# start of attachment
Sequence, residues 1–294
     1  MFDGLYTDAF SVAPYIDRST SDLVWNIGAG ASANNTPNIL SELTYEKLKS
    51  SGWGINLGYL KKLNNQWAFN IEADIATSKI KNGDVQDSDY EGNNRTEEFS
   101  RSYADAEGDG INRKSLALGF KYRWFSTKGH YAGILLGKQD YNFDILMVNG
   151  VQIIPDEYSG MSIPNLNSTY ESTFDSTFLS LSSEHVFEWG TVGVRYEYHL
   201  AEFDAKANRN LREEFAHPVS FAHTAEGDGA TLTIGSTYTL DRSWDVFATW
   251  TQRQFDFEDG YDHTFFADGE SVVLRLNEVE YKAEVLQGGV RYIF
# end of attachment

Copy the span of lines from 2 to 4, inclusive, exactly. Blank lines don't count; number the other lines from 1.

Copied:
     1  MFDGLYTDAF SVAPYIDRST SDLVWNIGAG ASANNTPNIL SELTYEKLKS
    51  SGWGINLGYL KKLNNQWAFN IEADIATSKI KNGDVQDSDY EGNNRTEEFS
   101  RSYADAEGDG INRKSLALGF KYRWFSTKGH YAGILLGKQD YNFDILMVNG